Harvard Medical SchoolCenter for Palliative Care

Our Mission

The Harvard Medical School Center for Palliative Care (HMS CPC) aims to ease suffering and enhance the quality of care for patients and their families dealing with life-threatening and/or serious illness, through fostering leadership and supporting outstanding educational programs in palliative care. By educating future generations of physicians, nurses, and other health care professionals, the Center serves as a national and international resource for the best practices in palliative care education and practice.

Faculty

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Katie FitzgeraldKatie Fitzgerald Jones, MSN, ANP-BC, ACHPN

Palliative Care Nurse Practitioner, Palliative Nursing Director and Nursing Fellowship Director, Department of Psychosocial Oncology and Palliative Care, Dana-Farber Cancer Institute and Brigham and Women's Hospital

 

Educational and Professional Experience

2005

Simmons College Bachelors of Science in Nursing

2005-2006

Registered Nurse, Brigham and Women's Hospital, Medical Intermediate Unit

2006

Simmons College Masters of Science in Nursing in Adult and Geriatric Primary Care

2009-2010

Breast Oncology Nurse Practitioner, South Shore Hospital (in affiliation with Dana Farber Cancer Institute and Brigham and Women's Hospital)

2010-

Palliative care Nurse Practitioner, Dana Farber Cancer Institute/ Brigham and Women's Hospital

2011-

Palliative Care Nursing Director

Current Teaching and Research Interests

Katie Fitzgerald, MSN, ANP-BC, ACHPN is a Palliative Care Nurse Practitioner at Brigham and Women's Hospital who provides consultation to oncology and non-oncology patients who are facing life-limiting illnesses. She received her nursing education from Simmons College where her interest was in chronic diseases and geriatric populations. After building a strong advanced practice nurse foundation in primary care treating frail elders and those suffering from critical illness she sought out new opportunities to further her communication skills and deepen her oncology knowledge. During her work in oncology she was struck by the barriers to advance care planning and patient centered care sparking her interested in palliative care. Since embarking on her career in palliative nursing, Katie has developed a strong commitment to the education and training of advance practice nurses in the field. She has also been instrumental in the growth of advance practice nurses on the palliative care service at Brigham and Women's Hospital. Katie was promoted to Nurse Director of Palliative Care in 2011, a title that recognizes the unique expertise of nursing with structured leadership. In this new role she has developed a framework that hopes to improve nursing retention and decrease burnout as well as address staffing and hiring deficits. With her colleagues at DFCI and BWH she has also recently received funding to start a palliative care nurse practitioner fellowship, which is one of four such programs in the country. The goal of the fellowship is to improve the training of nurse practitioners through an organized educational and clinical program with structured mentorship.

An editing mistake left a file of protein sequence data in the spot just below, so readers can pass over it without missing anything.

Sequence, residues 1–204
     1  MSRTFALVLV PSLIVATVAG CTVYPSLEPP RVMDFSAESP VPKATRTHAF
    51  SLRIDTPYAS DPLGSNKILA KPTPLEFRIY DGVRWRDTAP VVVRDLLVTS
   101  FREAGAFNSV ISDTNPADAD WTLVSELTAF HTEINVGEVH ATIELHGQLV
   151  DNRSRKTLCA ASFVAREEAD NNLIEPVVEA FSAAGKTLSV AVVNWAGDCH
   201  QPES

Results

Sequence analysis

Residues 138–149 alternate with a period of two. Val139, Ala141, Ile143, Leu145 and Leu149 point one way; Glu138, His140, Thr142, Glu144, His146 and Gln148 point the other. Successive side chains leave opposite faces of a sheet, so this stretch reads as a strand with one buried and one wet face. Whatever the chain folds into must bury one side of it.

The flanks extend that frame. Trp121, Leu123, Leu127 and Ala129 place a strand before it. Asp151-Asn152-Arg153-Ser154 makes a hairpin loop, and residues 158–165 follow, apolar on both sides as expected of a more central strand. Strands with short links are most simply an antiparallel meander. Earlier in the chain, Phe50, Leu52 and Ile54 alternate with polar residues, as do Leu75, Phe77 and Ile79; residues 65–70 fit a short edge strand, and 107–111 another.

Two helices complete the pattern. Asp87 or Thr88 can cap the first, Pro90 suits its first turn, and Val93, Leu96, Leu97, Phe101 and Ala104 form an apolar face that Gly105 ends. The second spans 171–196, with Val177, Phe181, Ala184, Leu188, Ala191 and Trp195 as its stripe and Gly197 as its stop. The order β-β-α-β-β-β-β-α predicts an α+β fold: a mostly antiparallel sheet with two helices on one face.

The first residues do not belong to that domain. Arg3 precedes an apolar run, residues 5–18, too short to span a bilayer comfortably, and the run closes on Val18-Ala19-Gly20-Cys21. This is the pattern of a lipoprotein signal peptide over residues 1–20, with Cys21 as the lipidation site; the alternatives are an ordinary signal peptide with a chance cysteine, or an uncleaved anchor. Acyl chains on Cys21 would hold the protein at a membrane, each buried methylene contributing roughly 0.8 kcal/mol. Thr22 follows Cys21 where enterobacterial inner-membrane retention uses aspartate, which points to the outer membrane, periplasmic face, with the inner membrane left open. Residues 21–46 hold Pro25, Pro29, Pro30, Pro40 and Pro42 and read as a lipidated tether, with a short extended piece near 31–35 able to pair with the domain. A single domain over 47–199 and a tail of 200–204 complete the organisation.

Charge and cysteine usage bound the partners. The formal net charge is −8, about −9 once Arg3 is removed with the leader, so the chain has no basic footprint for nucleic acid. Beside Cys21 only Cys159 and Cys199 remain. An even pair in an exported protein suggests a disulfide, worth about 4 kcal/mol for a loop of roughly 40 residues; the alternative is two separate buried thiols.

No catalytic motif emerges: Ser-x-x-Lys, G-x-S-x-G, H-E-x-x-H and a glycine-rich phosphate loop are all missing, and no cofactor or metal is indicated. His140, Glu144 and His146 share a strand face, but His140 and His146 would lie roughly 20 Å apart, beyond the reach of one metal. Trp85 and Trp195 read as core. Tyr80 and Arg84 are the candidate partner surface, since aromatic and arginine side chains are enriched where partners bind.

Katie has recently spoken nationally at the AAHPM/ HPNA annual assembly on the challenges to treating pain and addiction in the critically ill patient. She continues to work on quality improvement initiatives and to advance interdisciplinary collaborations such as standardizing procedures and templates of patients transitioning from pediatric palliative care and the care of cardiology patients considering advance therapies. She speaks annually at ELNEC and is on the faculty of Harvard Medical School Center for Palliative Care. Katie was a recipient of 2012 HPNA Annual Assembly HPNF scholarship.